So heading into 2014 planning, Flood drew up a three-pronged blueprint for success. First he overhauled the planning processes so all of the brand’s stakeholders – including agencies and digital partners like Facebook – were on the same page, which led to better integrated plans, he says. For example, he says because Facebook was made aware of Canadian Tire’s plans for its “We All Play for Canada” Olympic campaign, the social site and PHD/Touché were able to brainstorm the idea to sync one of the brand’s TV spots to appear in users’ News Feeds within minutes of it airing on CBC’s broadcast.

That execution was part of an integrated campaign that included a media strategy called “Digital Domination Days” that involved rotating “Team Photo” with two other “We All Play for Canada”-themed spots – “Anthem” and “Celebrate” – in its YouTube masthead takeovers, premium Facebook placement, display ads and on Creative drove to, which housed content like 12 digital documentaries showcasing Toews thanking members of his community. Additional content made for the site was turned into a 30-minute documentary called Every Picture tells a Story, airing on CBC during the second Saturday of the Olympics and was integrated into the broadcaster’s Olympics coverage. That documentary achieved an audience of more than 1.7 million. And it was all made possible with advanced planning across all partners, Flood says.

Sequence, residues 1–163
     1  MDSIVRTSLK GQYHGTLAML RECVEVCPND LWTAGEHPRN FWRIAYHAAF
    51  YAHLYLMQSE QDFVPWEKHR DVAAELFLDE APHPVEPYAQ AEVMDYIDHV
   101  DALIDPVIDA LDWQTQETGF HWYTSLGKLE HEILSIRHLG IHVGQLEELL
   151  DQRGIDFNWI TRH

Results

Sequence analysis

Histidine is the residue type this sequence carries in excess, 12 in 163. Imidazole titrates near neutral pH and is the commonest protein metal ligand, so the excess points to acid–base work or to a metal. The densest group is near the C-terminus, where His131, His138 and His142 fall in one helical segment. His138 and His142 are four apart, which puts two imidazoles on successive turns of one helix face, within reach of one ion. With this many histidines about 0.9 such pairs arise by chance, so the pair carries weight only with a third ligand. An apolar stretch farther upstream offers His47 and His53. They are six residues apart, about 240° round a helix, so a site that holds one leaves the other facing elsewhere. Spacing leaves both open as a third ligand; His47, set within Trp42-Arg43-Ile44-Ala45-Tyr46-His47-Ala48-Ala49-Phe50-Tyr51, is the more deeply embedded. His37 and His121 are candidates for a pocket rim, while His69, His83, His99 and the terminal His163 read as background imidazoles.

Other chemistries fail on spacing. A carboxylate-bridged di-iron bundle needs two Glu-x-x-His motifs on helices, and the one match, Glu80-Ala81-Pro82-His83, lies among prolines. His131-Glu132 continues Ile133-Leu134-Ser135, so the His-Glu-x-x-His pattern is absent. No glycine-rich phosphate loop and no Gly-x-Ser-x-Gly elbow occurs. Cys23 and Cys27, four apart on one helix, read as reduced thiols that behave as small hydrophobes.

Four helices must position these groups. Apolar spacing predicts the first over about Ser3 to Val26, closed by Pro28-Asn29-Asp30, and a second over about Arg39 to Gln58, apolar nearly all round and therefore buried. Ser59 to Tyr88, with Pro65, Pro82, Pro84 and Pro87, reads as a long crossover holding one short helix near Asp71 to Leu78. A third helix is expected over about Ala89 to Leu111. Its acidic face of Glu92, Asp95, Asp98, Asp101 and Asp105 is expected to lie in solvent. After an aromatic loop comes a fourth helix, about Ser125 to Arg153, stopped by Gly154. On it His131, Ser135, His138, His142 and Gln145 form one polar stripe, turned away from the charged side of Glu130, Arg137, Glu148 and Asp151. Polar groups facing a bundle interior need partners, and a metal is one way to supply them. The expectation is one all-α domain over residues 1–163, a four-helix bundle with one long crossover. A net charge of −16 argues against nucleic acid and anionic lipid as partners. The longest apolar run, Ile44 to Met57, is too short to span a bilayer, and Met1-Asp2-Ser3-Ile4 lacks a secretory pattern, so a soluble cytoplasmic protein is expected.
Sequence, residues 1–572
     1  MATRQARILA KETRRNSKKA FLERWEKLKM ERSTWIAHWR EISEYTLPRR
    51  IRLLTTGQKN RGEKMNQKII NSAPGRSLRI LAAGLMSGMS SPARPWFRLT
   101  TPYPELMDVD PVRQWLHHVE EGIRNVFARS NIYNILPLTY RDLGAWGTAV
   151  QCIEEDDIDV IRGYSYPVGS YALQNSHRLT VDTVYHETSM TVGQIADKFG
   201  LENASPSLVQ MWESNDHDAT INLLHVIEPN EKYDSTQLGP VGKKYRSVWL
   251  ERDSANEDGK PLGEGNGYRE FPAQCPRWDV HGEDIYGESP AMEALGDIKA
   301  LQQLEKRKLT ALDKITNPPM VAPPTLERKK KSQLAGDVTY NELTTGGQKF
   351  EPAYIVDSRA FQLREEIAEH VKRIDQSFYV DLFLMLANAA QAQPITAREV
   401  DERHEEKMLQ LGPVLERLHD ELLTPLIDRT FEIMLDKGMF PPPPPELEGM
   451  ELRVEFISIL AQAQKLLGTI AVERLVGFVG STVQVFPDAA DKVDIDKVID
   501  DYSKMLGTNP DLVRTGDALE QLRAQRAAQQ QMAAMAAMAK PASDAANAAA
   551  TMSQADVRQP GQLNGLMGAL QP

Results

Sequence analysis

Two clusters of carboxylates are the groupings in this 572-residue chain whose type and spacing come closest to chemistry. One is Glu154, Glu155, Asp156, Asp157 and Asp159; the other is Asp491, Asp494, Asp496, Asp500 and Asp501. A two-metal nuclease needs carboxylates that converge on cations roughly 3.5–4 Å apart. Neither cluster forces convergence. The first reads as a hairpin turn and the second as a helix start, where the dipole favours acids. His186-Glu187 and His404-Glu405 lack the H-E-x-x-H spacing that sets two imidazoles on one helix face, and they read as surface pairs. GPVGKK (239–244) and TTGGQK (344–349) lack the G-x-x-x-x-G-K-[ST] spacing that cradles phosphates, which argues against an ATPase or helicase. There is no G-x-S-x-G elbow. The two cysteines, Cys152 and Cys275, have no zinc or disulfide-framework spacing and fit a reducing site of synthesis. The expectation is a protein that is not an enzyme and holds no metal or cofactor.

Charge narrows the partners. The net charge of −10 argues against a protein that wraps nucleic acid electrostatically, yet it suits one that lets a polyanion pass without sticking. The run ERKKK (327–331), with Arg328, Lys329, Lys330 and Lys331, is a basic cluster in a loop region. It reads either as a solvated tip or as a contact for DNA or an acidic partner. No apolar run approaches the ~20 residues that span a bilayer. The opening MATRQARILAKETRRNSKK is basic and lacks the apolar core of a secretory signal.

Karine Courtemanche, president, PHD/Touché, says Flood brings a “hockey coach mentality to work,” rallying his team to work together, and also has a unique ability to see beyond the next play.